Animals are such agreeable friends — they ask no questions, they pass no criticisms.
— George Eliot
Talking to animals and petting them has been proven to be therapeutic under normal circumstances, but during times of stress, pets are an invaluable asset in the recovery process. They offer unconditional love — and more. As you lean toward them, they move toward you, some more hesitant than others due to their experience with humans. They wag their tails as you tell them your tale of woe. They lick your hand as you pet them or scratch their fur, making eye contact as you both seek solace in each other’s presence. Those who already have a pet know this. Those who do not have a pet can still experience this feeling in variety of ways.
A pet can provide companionship for those living alone. Anyone who has a pet can provide testimony as to how they are comforted by their pet’s presence. Companion animals keep their owners company, give them a reason to live, and can even warn them of intruders.
Call your local animal shelter to ask about their needs, donate some items, OR you can volunteer your time to care for pets that need the support and caring that you also need. If you are a cat person, there are cats of all sizes that need comfort and caring, too.
After the loss of my husband, I went on my usual trip to the SPCA and donated old towels, sheets, and newspapers. While there, I met Daisy, a lonely Shih Tzu sitting in her dark and secluded cage in the back area of the building. The only source of comfort for her was the small, old, tattered rag upon which she sat.
I talked to her: “How are you doing there? Are you as lonely and scared as I am?” Of course, I did not expect an answer. But it was good to give voice to my thoughts of grief, loss, and sadness that needed to have someone listen to them in silence, without telling me how I should feel and what I should do.
I felt good when I left. I hope Daisy felt some comfort from our visit, too. So, why didn’t I take Daisy home with me? I would have liked to, but it just was not the right time.
So why didn’t I adopt a pet at the beginning of my grieving process? A pet deserves much more than being just a Band-Aid for the emotional distress of grief and loss. I already had enough responsibility, distractions, and emotional chaos with all my energy focused on just “getting through each day.” If you are thinking of adoption, take a moment to evaluate your needs and choose a pet that connects with you and your needs. Some pet shelters offer the opportunity to take a dog you are interested in for a walk in a fenced-in area. When thinking of adoption, be sure this is right for you. You are making a long-term commitment when you choose to have a pet.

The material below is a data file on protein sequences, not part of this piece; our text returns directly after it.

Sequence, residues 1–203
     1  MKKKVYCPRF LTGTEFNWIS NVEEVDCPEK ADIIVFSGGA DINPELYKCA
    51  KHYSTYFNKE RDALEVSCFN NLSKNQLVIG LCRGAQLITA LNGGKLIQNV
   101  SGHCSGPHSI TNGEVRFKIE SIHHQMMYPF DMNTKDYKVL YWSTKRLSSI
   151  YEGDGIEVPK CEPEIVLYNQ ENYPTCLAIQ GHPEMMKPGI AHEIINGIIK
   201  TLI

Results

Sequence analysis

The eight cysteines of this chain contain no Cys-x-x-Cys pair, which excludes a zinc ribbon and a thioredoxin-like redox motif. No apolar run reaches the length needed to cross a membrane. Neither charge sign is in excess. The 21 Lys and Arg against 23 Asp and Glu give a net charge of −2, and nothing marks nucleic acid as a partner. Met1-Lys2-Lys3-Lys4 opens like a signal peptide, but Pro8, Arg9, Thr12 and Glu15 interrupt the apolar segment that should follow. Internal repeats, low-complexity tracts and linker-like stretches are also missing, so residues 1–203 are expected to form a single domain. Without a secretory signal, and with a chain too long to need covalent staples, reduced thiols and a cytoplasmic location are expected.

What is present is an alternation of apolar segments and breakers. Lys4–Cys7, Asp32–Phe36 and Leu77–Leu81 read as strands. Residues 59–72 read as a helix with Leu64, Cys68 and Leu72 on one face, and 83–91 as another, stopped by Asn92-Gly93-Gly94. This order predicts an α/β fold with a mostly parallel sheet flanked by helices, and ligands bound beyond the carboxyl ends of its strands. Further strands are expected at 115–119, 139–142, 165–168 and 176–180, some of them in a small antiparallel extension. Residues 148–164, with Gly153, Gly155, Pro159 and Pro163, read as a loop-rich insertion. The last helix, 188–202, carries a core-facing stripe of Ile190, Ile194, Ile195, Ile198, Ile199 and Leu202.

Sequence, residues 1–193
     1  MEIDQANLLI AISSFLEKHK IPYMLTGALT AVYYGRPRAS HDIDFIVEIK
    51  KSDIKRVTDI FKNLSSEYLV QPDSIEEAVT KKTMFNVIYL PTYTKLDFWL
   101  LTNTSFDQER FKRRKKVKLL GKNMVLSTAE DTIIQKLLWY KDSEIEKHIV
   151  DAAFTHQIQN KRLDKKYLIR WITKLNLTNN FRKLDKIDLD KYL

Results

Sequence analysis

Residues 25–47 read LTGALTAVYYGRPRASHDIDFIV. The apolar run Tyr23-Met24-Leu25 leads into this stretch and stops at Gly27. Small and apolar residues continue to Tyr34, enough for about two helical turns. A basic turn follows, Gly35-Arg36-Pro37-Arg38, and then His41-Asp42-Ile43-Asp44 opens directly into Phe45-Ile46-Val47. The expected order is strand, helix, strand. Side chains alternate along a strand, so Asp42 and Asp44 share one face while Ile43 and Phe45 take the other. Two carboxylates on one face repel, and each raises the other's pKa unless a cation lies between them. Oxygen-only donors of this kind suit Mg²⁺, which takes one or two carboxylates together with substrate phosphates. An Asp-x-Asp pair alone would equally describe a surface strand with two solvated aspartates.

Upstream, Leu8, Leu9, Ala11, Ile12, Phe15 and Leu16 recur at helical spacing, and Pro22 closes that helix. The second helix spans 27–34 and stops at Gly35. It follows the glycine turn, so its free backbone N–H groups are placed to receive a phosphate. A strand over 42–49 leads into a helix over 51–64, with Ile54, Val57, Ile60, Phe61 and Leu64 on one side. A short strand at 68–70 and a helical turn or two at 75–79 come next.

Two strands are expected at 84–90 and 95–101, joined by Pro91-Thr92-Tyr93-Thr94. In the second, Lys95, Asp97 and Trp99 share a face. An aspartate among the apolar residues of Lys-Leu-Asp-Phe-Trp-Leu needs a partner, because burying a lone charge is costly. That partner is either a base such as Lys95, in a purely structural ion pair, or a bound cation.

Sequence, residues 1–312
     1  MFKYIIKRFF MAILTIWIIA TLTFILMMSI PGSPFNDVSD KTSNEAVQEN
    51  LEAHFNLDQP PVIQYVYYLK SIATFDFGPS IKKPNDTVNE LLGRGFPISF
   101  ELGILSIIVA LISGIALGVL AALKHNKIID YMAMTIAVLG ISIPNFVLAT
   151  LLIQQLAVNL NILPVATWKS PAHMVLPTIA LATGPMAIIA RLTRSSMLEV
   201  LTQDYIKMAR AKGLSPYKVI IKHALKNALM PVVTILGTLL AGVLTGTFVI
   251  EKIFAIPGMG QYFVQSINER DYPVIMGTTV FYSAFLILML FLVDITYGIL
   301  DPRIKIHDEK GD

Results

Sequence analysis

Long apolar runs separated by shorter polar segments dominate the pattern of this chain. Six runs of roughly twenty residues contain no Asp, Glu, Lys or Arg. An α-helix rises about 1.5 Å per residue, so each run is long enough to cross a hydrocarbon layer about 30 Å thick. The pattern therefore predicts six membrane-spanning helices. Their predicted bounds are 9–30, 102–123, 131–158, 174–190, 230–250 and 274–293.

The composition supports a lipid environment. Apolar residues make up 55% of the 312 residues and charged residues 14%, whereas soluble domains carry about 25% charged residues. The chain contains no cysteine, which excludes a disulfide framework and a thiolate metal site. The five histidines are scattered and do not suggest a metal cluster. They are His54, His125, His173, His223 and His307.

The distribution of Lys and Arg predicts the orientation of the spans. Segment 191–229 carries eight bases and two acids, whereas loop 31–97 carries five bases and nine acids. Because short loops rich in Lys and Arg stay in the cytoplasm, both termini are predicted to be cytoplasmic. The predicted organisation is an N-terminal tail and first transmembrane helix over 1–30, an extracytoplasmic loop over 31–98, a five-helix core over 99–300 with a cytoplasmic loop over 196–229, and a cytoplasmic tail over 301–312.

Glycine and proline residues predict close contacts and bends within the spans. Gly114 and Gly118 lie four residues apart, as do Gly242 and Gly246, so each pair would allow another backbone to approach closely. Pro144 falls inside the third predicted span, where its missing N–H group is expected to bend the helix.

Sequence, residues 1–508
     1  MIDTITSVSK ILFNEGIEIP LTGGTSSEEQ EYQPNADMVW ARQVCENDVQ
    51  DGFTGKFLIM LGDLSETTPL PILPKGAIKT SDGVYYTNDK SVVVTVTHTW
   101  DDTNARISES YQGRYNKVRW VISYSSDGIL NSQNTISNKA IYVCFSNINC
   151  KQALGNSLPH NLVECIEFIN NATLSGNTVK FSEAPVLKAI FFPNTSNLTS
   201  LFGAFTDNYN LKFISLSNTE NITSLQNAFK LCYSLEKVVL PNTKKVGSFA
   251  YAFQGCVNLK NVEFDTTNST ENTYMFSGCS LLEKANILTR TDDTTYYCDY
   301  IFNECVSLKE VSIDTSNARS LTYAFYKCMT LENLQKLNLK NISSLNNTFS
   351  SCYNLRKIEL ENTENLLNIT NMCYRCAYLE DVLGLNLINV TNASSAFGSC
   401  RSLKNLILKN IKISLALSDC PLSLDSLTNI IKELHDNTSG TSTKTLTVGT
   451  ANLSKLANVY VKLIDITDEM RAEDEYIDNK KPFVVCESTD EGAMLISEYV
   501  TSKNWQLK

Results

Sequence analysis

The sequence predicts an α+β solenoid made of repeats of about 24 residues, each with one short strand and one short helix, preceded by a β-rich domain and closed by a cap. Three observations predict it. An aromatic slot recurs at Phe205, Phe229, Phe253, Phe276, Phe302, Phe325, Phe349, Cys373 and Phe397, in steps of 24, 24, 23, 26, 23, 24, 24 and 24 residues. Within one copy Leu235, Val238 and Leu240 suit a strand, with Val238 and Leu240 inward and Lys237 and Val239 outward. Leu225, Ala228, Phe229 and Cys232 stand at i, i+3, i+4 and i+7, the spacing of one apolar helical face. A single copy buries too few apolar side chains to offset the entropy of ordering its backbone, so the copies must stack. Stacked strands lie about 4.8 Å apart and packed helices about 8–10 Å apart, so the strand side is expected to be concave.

We finally adopted Diamond, a three-year-old Shih Tsu, four years later. She was grieving not only the loss of her owners but also the separation from her sister.
I visited my friend Anne, who has both a cat and a dog. I took just one step into her home, and her pets immediately sought me out. They kept close by my side, in my lap, or nuzzling me the entire visit. I was a magnet of emotional negativity drawing the positivity of pet energy toward me — whoosh!
Yes, animals seem to sense what I now call “disturbances in the force” or human emotions: sad, lonely, angry, and so on. Dogs look you in the eye, wag their tails, and quiver with excitement when they see you. They offer themselves to you unconditionally. You cannot escape their undivided attention as their love and affection gushes forth. Cats will curl up in your lap or by your side and nestle in.
My response to them was similar — spontaneous and caring. I smiled back at them, even though I felt I had no reason to smile. I talked to them, even though my mind was still telling me to keep silent so I would not scream or hurt others with my words. And I shared my loving caresses, petting and hugging them, even when I thought I had no more love to give. This is pet therapy in action!
If you are unable to have a pet of your own, consider helping out a friend or neighbor by walking or watching their pet when they are in need.
Photos courtesy of Cheryl Barrett, Regina Robinson, and Kim Ross.
Cheryl A. Barrett, RN, MSN, NC-BC, is a retired nurse with 30-plus years in a variety of settings: clinical bedside in ICU, staff educator, academic instructor both didactic and clinical, supervisor, home care education, editorial director of a nursing magazine and is a board certified integrative nurse coach.
In 2018 she published Good Grief: Strategies for Building Resilience and Supporting Transformation, inspired by the death of her husband. She won the American Journal of Nursing Book of the Year, 2018 in the category of Palliative Care and Hospice for her book. She is currently creating a companion workbook for those experiencing grief and loss.
The views, thoughts and opinions expressed by our writers belong solely to them
and do not represent LKNConnect.com, its publisher or its staff.